French rolling stock manufacturer Alstom has announced plans to introduce hydrogen-powered trains to the UK to support the government’s plan to withdraw diesel locomotives by 2040.
The company is currently working on a project with Eversholt Rail to equip a fleet of Class 321 electric trains with hydrogen tanks and fuel cells to enable hydrogen-powered operations.
Hydrogen will be produced through sustainable electricity and electrolysis, where the fuel cells will produce electricity by combining hydrogen and oxygen, creating water as a waste product.
Subsequently, the electrical energy is stored in batteries and the train will run on electrical traction drive.
Under this process, only steam and condensed water are given off by the systems.
Alstom UK & Ireland managing director Nick Crossfield said: “Not only are hydrogen trains zero carbon, they are near-silent and emit no particulates, which means they offer substantial air quality and noise pollution benefits too.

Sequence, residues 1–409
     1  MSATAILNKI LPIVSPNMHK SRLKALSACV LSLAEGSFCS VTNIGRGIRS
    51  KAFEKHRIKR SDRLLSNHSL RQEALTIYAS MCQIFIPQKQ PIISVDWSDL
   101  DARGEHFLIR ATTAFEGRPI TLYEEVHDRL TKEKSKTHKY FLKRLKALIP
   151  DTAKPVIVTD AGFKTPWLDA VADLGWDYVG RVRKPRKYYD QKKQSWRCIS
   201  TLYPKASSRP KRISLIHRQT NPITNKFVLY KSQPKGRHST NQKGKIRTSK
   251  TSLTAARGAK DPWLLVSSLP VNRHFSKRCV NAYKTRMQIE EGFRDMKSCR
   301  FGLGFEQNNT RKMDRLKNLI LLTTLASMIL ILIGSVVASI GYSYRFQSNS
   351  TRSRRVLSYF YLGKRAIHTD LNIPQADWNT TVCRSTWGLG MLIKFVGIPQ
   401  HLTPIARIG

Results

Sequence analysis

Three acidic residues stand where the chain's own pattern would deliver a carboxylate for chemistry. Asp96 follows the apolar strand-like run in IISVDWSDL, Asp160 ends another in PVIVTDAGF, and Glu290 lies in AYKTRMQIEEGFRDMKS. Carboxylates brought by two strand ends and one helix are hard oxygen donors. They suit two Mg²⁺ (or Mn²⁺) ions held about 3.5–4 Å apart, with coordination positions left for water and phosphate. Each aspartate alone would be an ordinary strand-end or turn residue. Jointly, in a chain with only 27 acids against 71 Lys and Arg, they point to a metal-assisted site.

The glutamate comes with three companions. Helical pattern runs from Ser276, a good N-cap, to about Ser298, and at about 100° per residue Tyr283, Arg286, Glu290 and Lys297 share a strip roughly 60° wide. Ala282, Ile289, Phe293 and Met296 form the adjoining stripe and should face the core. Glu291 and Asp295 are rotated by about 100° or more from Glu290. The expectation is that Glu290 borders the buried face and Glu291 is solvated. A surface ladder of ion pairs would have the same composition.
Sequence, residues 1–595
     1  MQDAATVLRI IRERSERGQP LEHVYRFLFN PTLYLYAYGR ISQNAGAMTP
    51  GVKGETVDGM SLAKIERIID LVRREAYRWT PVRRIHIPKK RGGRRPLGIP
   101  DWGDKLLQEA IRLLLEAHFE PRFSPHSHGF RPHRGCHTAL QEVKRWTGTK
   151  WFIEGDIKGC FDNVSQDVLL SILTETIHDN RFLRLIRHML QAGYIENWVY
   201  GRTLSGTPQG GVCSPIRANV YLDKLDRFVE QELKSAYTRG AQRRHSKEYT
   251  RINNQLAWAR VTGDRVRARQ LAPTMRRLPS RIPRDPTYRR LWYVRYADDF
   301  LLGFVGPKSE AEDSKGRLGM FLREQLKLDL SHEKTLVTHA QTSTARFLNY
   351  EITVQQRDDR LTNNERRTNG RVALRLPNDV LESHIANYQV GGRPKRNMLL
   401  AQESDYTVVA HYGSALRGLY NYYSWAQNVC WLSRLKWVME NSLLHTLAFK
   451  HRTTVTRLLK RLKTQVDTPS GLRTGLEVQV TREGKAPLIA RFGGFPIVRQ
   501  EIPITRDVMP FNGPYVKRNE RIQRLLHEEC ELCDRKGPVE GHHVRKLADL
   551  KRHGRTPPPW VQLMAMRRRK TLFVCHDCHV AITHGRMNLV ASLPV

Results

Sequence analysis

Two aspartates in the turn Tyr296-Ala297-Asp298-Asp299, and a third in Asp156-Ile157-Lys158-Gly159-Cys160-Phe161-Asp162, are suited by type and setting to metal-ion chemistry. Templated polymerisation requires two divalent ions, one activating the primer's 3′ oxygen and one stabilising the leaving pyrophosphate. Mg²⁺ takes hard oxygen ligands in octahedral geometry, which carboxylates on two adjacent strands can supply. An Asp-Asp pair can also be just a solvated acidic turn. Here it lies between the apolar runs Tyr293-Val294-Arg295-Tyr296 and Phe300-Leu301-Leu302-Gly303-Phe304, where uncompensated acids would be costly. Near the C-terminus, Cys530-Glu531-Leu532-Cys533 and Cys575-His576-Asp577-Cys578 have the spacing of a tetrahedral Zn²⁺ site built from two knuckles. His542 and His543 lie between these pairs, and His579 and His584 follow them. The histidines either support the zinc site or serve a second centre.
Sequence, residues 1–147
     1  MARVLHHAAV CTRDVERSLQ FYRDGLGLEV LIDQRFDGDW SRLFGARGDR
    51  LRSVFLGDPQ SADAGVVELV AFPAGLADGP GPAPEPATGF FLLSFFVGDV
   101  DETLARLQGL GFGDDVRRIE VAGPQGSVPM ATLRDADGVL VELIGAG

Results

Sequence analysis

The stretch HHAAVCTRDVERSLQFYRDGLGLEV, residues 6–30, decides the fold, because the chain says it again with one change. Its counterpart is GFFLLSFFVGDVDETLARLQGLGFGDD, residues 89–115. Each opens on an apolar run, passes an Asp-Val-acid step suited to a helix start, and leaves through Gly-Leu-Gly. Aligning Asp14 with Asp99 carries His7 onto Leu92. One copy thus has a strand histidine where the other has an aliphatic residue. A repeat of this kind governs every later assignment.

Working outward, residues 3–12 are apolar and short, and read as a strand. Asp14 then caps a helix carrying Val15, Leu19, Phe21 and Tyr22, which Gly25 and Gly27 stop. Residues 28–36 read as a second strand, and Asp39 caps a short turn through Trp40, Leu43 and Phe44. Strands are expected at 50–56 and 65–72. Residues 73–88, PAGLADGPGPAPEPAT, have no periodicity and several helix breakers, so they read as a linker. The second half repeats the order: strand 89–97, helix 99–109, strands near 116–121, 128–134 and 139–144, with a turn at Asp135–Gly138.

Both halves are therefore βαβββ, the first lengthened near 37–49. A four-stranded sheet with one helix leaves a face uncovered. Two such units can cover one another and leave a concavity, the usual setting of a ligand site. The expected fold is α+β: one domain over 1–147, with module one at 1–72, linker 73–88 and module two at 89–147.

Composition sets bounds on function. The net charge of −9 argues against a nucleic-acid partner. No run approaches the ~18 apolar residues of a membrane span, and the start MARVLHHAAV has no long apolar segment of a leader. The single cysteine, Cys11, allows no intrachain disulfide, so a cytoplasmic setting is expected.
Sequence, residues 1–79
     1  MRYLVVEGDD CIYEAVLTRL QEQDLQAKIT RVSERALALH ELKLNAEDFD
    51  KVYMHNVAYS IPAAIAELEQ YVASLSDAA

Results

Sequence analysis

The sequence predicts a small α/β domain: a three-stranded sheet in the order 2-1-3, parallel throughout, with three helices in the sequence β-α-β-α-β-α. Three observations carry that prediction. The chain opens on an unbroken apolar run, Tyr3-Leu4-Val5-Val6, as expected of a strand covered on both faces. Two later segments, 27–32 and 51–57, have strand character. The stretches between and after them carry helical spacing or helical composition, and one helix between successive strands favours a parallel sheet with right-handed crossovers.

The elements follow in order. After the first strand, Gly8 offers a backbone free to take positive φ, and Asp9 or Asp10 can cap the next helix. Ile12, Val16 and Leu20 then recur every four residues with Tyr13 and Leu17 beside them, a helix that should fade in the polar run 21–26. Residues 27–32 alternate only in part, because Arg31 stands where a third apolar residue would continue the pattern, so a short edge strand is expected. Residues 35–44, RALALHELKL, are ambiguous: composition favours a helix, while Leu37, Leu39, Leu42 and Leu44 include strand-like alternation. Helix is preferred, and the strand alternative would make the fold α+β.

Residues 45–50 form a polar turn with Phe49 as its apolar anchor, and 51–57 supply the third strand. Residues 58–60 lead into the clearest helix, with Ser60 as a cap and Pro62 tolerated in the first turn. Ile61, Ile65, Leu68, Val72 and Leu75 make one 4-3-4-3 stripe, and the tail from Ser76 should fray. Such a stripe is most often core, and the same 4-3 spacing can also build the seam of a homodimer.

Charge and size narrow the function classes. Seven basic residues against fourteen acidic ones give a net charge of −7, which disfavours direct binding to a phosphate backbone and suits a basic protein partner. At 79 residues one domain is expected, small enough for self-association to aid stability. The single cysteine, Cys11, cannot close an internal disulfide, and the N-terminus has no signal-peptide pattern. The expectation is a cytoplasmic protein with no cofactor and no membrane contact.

“On cost, hydrogen trains can help to avoid the necessity for line electrification, which represents a significant investment for customers.
The company has already designed a hydrogen train, the Coradia iLint, which is currently being tested in Germany.
Crossfield added: “Less than 50% of the UK network is electrified, and much that isn’t electrified is unlikely ever to be so.
“Starting with this conversion, we think hydrogen could offer the right zero-carbon solution for many parts of the network.”
Around one-third of all trains in UK are diesel units. They are required to be overhauled or replaced to fulfil the government plan to remove all diesel rail vehicles by 2040.